1. With your voice – Say “Alexa, enable” along with the name of the skill. If you’re not sure what to add, ask Alexa to recommend skills. If you don’t know the name of a skill, it’s easier to browse using one of the other two methods.

3. Alexa app on your smartphone – Open the menu at the top left and choose “Skills & Games.” Search or browse for what you want. Tap “Enable to use.”

1. Learn to Play Guitar with Alexa

Even if you’ve never touched a guitar before, Amazon Alexa can help. Let Alexa guide you through how to form different chords. Get help with tuning your guitar and maintaining a tempo. You can even ask Alexa for the chords to your favorite song. Some of the best skills to enable include:

Guitar Chords – Teaches guitar chords

Rock Out Loud – Teaches chords, helps with tuning, and helps find chords for popular songs

Guitar Learner – Teaches more common chords

Guitar Teacher – Teaches notes and chords along with tuning

Four Chords – Learn common four-chord songs (great for beginners)

Guitar Tuner – Helps tune your guitar

Guitar Backing Tracks

– Plays background tracks for your practice sessions

2. Learn a New Language with Alexa

Wish you could speak a second or even third language? Learn from Amazon Alexa. Using Alexa is actually highly effective since you get to hear the words and phrases and practice at your own pace. It’s a good idea to also write down what you’re learning so you can easily review after each lesson. Depending on the skill you choose, you’ll pick from dozens of languages. Some of the best skills to use include:

Daily Dose – Learn any of 34 languages in free eight-minute daily lessons (a premium version is available)

Translated – Learn by asking Alexa to translate phrases into a chosen language

Learn Spanish SpanishPod101 – Learn Spanish one word at a time

Chineasy – Learn Chinese

Language Tutor – Learn Italian, French, Spanish, and Australian English

3. Learn to Cook

Best Recipes – Name three ingredients you have and get recipe ideas

Allrecipes – Get a wide variety of recipes

America’s Test Kitchen Daily Cooking Q&A – Get daily tips and tricks (Echo Show users get weekday videos, too)

Instant Pot

– Great guidance for Instant Pot users

The Bartender – Make thousands of amazing drinks

Ingredient Sub – Learn what to substitute and how

4. Get Smarter

Do you love trivia? Want to learn more about history and current events, even if you’re short on time? Continuing to learn something new is a skill that helps your mental health, improves your confidence, exercises your brain, gives you things to talk about, and helps you crush it on trivia night. You may even discover a new hobby or interest in the process. Besides, some of the most productive and successful people devote time to learning new things each day.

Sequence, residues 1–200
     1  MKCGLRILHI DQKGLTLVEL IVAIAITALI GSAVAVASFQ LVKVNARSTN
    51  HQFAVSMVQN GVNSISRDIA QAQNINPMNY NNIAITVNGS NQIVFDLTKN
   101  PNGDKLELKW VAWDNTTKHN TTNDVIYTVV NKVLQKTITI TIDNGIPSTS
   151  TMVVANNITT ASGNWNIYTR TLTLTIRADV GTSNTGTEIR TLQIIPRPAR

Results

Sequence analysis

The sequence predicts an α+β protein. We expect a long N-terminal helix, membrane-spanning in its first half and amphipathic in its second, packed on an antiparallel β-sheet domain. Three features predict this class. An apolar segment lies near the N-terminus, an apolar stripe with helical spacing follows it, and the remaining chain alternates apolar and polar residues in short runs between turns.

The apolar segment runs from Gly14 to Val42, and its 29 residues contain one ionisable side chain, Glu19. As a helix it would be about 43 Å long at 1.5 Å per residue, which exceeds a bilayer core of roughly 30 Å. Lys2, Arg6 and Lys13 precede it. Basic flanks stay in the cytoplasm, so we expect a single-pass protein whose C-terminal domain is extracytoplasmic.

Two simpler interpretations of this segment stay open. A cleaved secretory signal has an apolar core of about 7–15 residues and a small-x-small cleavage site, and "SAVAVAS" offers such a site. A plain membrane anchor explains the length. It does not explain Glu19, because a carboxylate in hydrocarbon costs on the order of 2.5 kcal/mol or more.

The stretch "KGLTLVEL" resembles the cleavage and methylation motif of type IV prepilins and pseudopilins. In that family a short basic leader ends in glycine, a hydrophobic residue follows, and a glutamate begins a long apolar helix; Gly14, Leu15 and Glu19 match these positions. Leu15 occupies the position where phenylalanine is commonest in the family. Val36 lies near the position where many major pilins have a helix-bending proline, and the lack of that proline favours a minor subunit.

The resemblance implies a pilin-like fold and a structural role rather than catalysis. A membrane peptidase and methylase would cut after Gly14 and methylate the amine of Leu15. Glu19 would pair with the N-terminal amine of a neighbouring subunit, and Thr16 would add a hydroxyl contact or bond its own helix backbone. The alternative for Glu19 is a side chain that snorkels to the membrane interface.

Amazon Alexa helps with skills such as:

5. Relax Through Meditation

Meditation is often a hard skill to master, but you can learn from Amazon Alexa. Even if you only do it five minutes a day, you’ll reduce your stress. Plus, with a clearer mind, it’s easier to learn other skills. Use these Alexa skills to help you:

6. Master Fitness

You don’t always want to go to a gym to exercise, but you still want to learn how to get fit. Become a fitness guru just by asking Amazon Alexa to help. Get step-by-step guidance to help you learn how to exercise at home, even if you don’t have any equipment. It’s fun, easy, and there aren’t any judgy people watching. Try these skills to see for yourself:

7. Learn to Play Piano with Alexa

Guitar not quite your style? Learn how to play the piano from Alexa instead. Learn the basics and start playing songs quickly. All you have to do is follow what Alexa says. These skills will help you start playing right away:

Piano Teacher – Basics lessons and drills

Piano Teacher With Echo Show Integration – Echo Show isn’t required, but offers visible lessons as well as audio lessons

Chord Whisperer – Learn the notes in different chords. (Learn notes in the other skills first.)